Saturday, October 16, 2010

poem: swarming belfast

call the lunatics
the immigrants

the ferrymen

the facile dead

littering the streets

called out to meet

the morning's elephant clouds

punctuation of the risen moons

calibrated by viviparous hands

the restless call, the restless sleep

gathering the ladies' vote

facile twists

the lines were drawn

the sands in blue filigree

monsters in the blue-eyed smiles

red the wire that saved

all down the avenues

white castle bliss

Sammy D's eventual disarray

claiming spring in summer in blue

fall respendent

axis reeling

savor the fever

indulge the yellow fields

cast fate, cast memory,

cast vulcan roar

the fires are lit

swarm swarming

Belfast Avenue

the dying die

memory-stained in the withers

casual mention, Isaiah's knuckle-scrape

blistered, the grass in the ribs

never 'scaped never

tangled down the reverent

the itinerant

the bubble-packed

the O housed




Blogger anno said...

Caught me up from the beginning, right along with all those facile dead, and carried me through clear to the end. Not entirely sure just where I've been, but am feeling a little singed, a little fevered ... might need to lie down in the grass and watch the clouds for a while.

On another note... for some reason the word "cast" has kept coming to mind lately: so many different ways to use it, both to bring things closer and to move them further away; made me happy to see it here, in triplicate no less.

12:26 PM  
Blogger murat11 said...

Anno: Speaking of "cast," my new school toy is the Visual Thesaurus, a website in which parallel meanings sprout like constellations or many-legged insect-like creatures: pretty cool stuff. The school paid for a subscription. The chintzy site lets you make about 3 moves for a "free trial" and then pulls the plug.

Hope you find the grass for that singeing. Coming up on our time of year: that's usually a good thing. Maybe time for e dia de los muertos altar. I incorporate it into the Birthday Week celebration.

Best to you, long-legged poet.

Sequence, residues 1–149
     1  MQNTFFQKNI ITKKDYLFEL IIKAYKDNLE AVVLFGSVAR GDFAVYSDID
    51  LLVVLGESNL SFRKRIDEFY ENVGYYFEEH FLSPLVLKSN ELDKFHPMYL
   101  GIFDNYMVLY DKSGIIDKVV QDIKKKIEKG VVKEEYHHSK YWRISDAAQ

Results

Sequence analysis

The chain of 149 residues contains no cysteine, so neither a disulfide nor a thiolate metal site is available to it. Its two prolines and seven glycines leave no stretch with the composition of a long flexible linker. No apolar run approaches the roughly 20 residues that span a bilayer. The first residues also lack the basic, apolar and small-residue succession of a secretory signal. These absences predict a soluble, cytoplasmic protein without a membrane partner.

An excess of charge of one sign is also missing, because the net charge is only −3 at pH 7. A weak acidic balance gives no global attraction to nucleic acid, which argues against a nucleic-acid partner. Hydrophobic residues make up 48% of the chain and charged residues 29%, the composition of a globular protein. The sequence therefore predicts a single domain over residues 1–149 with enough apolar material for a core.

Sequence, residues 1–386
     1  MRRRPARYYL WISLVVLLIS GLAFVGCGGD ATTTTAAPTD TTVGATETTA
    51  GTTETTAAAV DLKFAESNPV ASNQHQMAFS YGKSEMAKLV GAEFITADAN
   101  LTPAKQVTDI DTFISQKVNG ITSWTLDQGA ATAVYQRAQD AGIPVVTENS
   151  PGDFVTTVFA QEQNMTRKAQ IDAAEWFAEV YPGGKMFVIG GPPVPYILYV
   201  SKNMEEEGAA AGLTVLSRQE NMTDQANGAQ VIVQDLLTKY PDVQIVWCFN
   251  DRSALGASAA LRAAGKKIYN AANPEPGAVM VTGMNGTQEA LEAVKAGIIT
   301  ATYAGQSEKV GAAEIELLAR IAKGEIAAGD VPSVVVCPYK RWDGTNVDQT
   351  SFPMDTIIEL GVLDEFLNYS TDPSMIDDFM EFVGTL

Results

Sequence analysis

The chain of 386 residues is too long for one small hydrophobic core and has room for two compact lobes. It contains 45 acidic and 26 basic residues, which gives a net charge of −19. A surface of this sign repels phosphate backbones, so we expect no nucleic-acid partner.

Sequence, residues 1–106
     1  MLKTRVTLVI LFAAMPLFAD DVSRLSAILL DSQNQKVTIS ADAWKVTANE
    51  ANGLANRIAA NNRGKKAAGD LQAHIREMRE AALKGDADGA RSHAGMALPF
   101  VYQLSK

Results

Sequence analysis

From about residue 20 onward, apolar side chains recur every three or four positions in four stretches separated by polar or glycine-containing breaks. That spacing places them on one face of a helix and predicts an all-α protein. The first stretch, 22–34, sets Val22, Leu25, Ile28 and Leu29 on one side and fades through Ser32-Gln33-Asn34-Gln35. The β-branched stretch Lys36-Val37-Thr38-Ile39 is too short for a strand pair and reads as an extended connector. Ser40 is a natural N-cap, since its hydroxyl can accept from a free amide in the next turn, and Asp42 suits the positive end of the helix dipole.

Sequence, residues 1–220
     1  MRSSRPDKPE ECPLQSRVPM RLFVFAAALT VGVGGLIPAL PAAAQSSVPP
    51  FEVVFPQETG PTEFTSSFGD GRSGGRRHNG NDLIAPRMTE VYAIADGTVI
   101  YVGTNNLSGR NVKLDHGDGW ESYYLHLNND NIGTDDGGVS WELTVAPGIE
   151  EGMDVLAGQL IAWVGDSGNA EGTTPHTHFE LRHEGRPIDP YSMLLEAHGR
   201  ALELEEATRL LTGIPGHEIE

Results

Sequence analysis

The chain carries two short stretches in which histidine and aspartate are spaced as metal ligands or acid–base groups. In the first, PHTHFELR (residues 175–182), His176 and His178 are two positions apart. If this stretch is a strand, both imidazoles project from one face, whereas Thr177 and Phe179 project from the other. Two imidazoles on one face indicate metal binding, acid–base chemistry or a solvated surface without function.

2:03 PM  
Blogger anno said...

Been preparing for m. to cast away this year; the amount of paperwork I've needed to complete as "school counselor" is stunning. Sure didn't give those guidance counselors nearly enough credit way back when.

Fortunately, her first deadline is November 1, which means I need to be done by then as well. Looks like all is clear for dancing shoes and revelry in the days that follow. And you? Maybe planning to give the urchins a break around then? Would love to hear more about this altar.

Am off to take a look at this Visual Thesaurus. I have a hunch it might make a good Christmas gift for someone I know.

3:33 PM  
Blogger Dee Martin said...

that picture doesn't look like much of a castle, professor, lonely, cold place. Ireland is such a sad beautiful country. Fitting words all, lunatic, immigrant, ferrymen.

Maybe just me but I got turned around at white castle, thinking about the hamburgers and then Sammy D?

Memory stained withers and savor the fever - love those phrases. Love that the song that might have inspired this piece was "Heal Over"

Isaiah's knuckle-scrape stumped me, gotta say.

4:06 PM  
Blogger Teresa said...

This was rather relentless and very powerful.

The picture at the top just seems to capture the mood.

I quite enjoyed it.

6:43 PM  
Blogger murat11 said...

Anno: Mercy. I have told our new counselor that she has the hardest job (jobs, actually) in the joint; only competition is Director of Admissions - another 24/7 job, and naturally we all depend on the DOA's success.

Since Day of the Dead falls in our sign, the altars are a perfect complement to our year-turnings. Altars to honor the ancestors with all kinds of memorabilia - photos, memorable items, favorite foods and drink, candles (especially the cheesy religious candles found at HEB), votives, lots of orange marigolds (both in vases and shredded and strewn all over the altar and outside to light the ancestral way back home). Anything goes, really. Sugar skulls: the kids "eat death," to conquer it. I honor past pets, as well as human ancestors. Always a roll of toilet paper, since bullmastiff Sophie loved to grab it and roll the house, when she was a pup; crinkly envelope cellophane, Neapolitan Mastiff Lucia's favorite.

I like to assemble it just before Halloween and keep it up through Birthday Week.

6:50 PM  
Blogger murat11 said...

Dee: Now that these are turning into Saturday morning poems, you can bet they pretty much distill all manner of collisions through the week, a lethal Sangria concoction.

Read a very gritty and grim (and gripping) YA novel this week: Paul Griffin's The Orange Houses. Beautifully, hauntingly poetic, too.

This morning's gorgeous sunrise clouds were straight out of Dumbo, right after the pink elephants.

In this blathering dither of yin and yang, those burgers did have to sneak in for a peek.

Sammy D was supposed to be biblical Samuel, but that sounded too much, so he quickly morphed into some street creature named Sammy D.

Isaiah is ye olde prophet, grim with tidings, joyful with return, harbinger of the grass 'tween our ribs.

7:02 PM  
Blogger murat11 said...

Hey, T: Glad you peeked in. It felt relentless, it wanted to be, burgers notwithstanding. Peace to you, amiga.

7:05 PM  
Blogger Dee Martin said...

lots to find in Samuel and Isaiah - (knuckle scrape?) and I checked out The Orange Houses on Amazon. Still have some bday money on an Amazon gift card so that might get added to my kindle if the school library doesn't have a copy.

8:33 PM  

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